Covid-19, do we need a third dose of vaccine for everyone?



“It would not be efficient”

Yves coppieters

Director of the epidemiology and biostatistics research center of the School of Public Health of the ULB (Free University of Brussels)

From a scientific point of view, the interest of a third dose remains to be proven. We now know that the general population is protected for ten to twelve months after the second injection, perhaps longer – time will tell. As for the delta variant, it does not call into question the effectiveness of the vaccines. If, however, new mutants appeared, a new messenger RNA vaccine would have to be developed, adapted to their characteristics. It would then not be a third dose but a first dose of another vaccine. Considering now a recall for the entire population is therefore very premature and, in my opinion, is a communication error, because it gives the impression that we have entered a continuous process of vaccination. It’s discouraging.

Such a “boost” can however be justified for the elderly, on the one hand because they lose their antibodies more quickly, and on the other hand because, in certain cases, their immune reaction is not optimal. However, offering a third dose to all nursing home residents without distinction, as France intends to do from September, does not appear to be relevant. Many elderly people have already received two doses at the beginning of the year, when they had contracted the Covid and could have been satisfied with one dose. Stimulating their immune system even more would be pointless. There is also an ethical aspect: why use doses of vaccine for people who do not need them? Making this distinction seems necessary to me, even if it would involve all the logistics, in particular serological tests.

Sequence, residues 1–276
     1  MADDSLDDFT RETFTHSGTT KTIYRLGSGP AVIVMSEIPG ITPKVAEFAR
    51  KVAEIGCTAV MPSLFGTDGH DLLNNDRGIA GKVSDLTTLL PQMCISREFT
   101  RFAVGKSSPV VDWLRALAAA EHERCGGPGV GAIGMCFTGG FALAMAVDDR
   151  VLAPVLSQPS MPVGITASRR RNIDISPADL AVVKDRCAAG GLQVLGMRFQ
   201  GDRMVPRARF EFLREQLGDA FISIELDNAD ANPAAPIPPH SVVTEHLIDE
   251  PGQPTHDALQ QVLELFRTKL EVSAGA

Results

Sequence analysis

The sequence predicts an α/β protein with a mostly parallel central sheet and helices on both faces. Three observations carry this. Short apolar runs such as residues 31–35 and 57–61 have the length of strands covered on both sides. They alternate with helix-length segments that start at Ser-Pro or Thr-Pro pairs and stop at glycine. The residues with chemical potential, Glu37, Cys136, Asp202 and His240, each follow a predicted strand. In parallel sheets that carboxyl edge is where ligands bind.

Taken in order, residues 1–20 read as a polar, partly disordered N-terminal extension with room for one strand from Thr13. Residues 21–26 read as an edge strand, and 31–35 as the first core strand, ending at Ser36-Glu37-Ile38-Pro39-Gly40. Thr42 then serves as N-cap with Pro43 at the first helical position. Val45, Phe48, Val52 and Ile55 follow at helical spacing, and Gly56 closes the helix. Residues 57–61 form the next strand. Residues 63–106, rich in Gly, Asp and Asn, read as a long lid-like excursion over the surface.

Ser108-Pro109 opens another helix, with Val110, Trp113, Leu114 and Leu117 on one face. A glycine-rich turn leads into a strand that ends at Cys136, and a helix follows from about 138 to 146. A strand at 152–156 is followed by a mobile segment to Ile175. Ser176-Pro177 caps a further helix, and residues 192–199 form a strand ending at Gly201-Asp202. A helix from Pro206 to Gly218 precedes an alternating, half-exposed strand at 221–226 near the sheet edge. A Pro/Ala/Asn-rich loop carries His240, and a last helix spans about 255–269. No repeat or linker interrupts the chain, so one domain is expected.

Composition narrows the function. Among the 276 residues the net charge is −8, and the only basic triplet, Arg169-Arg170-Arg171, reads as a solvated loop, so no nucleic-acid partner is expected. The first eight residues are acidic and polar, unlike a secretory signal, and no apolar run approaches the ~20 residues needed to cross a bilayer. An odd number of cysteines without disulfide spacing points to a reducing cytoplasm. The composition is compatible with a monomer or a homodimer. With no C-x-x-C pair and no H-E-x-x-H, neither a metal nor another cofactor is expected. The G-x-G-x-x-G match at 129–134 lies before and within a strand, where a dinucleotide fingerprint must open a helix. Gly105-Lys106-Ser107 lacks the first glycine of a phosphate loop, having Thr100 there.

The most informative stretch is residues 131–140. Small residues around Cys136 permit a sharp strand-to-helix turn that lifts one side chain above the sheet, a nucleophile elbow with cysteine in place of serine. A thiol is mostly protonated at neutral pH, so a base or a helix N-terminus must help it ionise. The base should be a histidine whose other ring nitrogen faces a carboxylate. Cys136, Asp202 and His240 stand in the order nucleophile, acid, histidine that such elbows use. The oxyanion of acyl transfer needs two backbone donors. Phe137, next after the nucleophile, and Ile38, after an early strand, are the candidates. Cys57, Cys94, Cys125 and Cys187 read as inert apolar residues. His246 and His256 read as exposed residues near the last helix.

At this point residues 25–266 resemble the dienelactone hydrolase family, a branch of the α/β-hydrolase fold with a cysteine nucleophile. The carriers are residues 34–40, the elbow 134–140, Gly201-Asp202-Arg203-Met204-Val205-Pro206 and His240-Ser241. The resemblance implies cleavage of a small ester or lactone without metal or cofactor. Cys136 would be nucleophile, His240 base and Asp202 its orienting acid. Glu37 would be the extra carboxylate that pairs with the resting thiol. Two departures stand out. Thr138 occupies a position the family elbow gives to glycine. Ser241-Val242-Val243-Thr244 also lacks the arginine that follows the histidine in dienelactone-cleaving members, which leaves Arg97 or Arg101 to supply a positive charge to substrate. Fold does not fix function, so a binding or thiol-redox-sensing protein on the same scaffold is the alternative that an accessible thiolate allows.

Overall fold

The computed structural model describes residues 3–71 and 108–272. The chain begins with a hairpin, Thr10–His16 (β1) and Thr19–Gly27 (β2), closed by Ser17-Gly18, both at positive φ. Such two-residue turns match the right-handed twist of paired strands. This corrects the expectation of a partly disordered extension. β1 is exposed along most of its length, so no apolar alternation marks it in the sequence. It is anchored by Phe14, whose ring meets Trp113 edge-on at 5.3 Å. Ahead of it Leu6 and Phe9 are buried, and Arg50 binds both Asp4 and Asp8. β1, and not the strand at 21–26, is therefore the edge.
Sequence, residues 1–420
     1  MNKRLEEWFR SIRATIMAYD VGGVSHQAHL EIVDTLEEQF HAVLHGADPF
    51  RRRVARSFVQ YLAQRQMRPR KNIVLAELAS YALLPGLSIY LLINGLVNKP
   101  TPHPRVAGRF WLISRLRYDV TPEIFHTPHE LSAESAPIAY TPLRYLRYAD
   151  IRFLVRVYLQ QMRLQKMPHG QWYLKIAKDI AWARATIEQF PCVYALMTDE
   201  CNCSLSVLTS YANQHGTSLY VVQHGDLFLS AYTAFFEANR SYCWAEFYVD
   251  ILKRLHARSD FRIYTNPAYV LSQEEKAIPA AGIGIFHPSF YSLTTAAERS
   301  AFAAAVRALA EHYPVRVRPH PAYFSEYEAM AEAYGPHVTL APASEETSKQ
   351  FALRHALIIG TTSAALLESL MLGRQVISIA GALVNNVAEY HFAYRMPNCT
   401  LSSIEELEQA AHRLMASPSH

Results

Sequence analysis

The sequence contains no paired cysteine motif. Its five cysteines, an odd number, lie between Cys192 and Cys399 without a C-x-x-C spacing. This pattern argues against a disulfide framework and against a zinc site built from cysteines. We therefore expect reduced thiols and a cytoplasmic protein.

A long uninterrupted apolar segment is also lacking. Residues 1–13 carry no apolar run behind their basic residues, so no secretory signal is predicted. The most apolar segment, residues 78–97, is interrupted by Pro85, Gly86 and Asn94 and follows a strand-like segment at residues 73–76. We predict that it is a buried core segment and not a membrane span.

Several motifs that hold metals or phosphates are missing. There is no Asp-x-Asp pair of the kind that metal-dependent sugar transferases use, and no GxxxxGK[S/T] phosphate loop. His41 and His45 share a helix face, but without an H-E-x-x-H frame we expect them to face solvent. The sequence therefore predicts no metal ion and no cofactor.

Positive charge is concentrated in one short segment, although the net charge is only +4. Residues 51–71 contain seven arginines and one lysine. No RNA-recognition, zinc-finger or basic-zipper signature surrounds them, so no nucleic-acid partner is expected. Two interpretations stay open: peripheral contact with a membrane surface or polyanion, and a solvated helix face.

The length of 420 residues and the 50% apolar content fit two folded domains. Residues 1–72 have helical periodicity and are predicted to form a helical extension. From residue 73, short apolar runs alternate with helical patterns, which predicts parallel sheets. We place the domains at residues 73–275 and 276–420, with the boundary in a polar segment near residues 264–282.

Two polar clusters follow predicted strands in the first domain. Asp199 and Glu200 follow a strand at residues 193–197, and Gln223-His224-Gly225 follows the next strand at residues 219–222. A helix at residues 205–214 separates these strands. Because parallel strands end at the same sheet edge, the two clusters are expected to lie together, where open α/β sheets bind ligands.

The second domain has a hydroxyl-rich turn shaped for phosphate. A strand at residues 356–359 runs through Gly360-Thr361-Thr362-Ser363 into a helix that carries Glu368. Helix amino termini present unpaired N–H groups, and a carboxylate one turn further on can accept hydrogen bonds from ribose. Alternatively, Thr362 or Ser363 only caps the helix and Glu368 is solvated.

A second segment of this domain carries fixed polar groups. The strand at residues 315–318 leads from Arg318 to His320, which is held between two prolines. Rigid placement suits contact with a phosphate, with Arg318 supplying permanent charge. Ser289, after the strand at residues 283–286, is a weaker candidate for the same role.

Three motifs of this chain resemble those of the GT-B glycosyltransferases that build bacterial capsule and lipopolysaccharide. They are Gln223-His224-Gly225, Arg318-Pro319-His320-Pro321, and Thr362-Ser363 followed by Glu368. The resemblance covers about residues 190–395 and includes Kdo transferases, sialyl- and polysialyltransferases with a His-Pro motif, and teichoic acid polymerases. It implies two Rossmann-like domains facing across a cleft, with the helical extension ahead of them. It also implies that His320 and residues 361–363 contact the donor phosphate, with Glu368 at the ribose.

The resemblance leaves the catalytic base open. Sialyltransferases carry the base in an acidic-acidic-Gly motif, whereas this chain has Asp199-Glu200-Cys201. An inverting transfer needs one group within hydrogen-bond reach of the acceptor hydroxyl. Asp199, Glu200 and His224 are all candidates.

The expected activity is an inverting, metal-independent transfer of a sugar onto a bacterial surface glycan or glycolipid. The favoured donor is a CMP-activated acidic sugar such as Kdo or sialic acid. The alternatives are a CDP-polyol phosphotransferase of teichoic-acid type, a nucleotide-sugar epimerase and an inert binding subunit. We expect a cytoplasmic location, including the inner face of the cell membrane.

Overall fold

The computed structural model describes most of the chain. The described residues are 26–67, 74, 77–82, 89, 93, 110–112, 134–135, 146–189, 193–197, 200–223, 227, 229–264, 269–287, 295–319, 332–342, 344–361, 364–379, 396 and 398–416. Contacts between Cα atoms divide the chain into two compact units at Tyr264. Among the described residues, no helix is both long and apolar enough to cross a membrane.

I fully agree with the Director-General of WHO when he says that rich countries are showing selfishness by already considering third doses, when other less well-off countries still have insufficient access to vaccines. Governments have yet to realize that this pandemic must be managed globally, not just out of altruism but out of common sense. Because letting the virus circulate elsewhere, even far away, is to risk seeing it return to us like a boomerang.

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To return to the national level, a good public health policy must distinguish the question of effectiveness from that of efficiency. Initially, the rich countries vaccinated massively, we set up large vaccination centers and, in the case of France, made this act free without worrying about the costs. In a context of acute crisis, this logic of efficiency was fully justified. But now that we know this lasting crisis, we must seek efficiency. Investments cannot be made indefinitely, they must be part of a sustainable strategy and be proportional to results. The administration of a third dose, in addition to not having proved its effectiveness, does not meet this criterion of efficiency.

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